A Brief History
Overture and Beginners Please -the traditional cry backstage in ‘the theatre’ to call everyone to their places for the performance to begin.
Our own overture was a concert, under the baton and direction of Mr Fred Trussell, a local professor of music. He arranged for some of his pupils to put on what proved to be a successful curtain raiser to our long history. This was given at the original Hove Town Hall on Monday 20th December 1886.
Our beginners were headed by our first leading lady, a soprano, Edith Welling and our first Hon.Secretary and leading actor Argyle Galloway. (They were later married, thus starting a tradition which continues to this day, through several generations of families).
The group chose to call themselves ‘The Brighton and Hove Operatic Society’ following a precedent of a few similar groups in the North and thus became the first of many in the South.
On Thursday 28th April the following year (1887) our first full length show, ‘HMS Pinafore’ was given, also at the Hove Town Hall, which was to become our home until the end of the century.
With such an inspiring name, for the next few years ‘real opera’ was introduced with a performance of ‘Carmen’ followed by the lesser known ‘ Fra Diavola’, ‘Madame Favart’, ‘La Mascotte’, and ‘Olivette’ all sung in English!
With such ambitious works behind us, we reverted to the British comic operas of Gilbert and Sullivan (G & S), which remained our standard trusty fare for some years and carried us into the next (and future) eras.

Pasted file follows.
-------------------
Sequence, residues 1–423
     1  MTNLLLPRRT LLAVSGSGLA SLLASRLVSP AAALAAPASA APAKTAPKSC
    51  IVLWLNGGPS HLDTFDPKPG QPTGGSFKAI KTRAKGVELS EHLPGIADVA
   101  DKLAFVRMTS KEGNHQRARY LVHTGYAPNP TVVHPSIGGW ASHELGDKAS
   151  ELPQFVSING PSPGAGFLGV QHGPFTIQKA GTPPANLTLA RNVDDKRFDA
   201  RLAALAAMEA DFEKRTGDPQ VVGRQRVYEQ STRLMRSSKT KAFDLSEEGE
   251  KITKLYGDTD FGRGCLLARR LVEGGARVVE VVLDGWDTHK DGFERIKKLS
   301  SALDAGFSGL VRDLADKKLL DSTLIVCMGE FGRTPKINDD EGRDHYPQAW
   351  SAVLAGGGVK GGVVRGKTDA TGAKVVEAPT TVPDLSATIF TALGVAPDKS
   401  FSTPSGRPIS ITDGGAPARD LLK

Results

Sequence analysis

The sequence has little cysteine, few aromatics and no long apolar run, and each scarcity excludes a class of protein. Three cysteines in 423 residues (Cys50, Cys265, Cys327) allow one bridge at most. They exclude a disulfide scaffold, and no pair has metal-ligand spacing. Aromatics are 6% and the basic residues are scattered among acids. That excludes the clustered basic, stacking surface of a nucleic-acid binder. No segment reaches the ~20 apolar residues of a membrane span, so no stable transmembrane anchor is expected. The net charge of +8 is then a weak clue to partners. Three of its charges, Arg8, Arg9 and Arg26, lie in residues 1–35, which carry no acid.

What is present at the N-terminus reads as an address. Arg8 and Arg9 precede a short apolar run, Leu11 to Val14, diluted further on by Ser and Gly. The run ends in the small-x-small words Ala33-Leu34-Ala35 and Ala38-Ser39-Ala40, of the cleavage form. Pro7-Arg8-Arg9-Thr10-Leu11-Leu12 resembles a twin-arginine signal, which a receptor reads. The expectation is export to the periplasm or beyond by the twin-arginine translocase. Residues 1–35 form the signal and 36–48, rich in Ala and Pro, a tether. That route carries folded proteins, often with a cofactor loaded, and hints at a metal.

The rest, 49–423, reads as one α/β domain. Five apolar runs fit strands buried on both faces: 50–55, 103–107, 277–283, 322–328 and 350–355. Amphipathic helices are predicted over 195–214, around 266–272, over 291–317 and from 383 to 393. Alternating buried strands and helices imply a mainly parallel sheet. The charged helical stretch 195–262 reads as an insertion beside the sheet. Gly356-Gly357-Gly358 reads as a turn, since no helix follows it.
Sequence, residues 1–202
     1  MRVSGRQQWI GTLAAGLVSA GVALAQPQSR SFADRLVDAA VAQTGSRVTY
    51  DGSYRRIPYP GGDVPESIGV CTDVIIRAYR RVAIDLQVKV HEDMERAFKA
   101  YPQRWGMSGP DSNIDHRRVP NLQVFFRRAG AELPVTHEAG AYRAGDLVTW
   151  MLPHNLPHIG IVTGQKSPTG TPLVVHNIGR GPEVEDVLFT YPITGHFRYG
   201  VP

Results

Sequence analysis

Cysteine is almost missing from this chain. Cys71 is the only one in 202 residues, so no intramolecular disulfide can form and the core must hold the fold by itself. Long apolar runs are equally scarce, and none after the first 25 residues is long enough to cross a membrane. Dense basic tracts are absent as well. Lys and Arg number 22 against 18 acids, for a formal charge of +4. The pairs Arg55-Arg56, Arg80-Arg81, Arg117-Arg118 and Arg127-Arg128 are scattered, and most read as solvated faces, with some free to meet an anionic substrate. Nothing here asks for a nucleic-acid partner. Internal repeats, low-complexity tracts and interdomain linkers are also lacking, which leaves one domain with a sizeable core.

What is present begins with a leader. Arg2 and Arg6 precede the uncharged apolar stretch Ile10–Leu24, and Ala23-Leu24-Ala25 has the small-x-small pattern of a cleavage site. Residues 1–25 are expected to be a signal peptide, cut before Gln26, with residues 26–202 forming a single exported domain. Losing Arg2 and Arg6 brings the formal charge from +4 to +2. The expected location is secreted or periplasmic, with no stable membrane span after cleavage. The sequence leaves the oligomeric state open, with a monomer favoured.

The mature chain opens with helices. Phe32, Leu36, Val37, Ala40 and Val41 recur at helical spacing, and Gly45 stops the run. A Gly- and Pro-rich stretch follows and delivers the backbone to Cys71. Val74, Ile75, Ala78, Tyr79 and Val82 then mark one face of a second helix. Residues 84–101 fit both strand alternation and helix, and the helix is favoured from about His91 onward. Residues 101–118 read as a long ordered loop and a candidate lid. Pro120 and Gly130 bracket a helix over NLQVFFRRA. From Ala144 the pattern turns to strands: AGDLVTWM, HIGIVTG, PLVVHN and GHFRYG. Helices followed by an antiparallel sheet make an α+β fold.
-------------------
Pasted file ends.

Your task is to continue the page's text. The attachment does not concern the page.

In the latter years of the 1890’s there was a gap in productions until our finances were boosted by recruiting new members, and the name Drury, Ward and Donovan came into the picture, they and their families taking lead roles in our subsequent history in various ways.
In the 1900 we entered into real theatre at the Theatre Royal, where we gave (as a charity performance) the double bill of ‘HMS Pinafore’ and ‘Trial By Jury’ in aid of the Mafeking Relief Fund for soldiers, widows and orphans of the Boar War in far of South Africa.
This was our first full week booking and we reprised this programme there the following year.
We then gave annual performances at the Theatre Royal, sometimes two whole works in one week; firstly G & S works and then introducing other light opera pieces popular in London until 1914, where our production of ‘Ruddigore’ was prophetically the last before the outbreak of the Great War (now known as World War I).
With peace declared in 1918 we re-formed ourselves and welcomed many more talented actors and in February 1920 moved to the West Pier Theatre appropriately performing ‘Merrie England’, more G & S and other popular pieces such as ‘The Geisha’ and ‘Floradora’.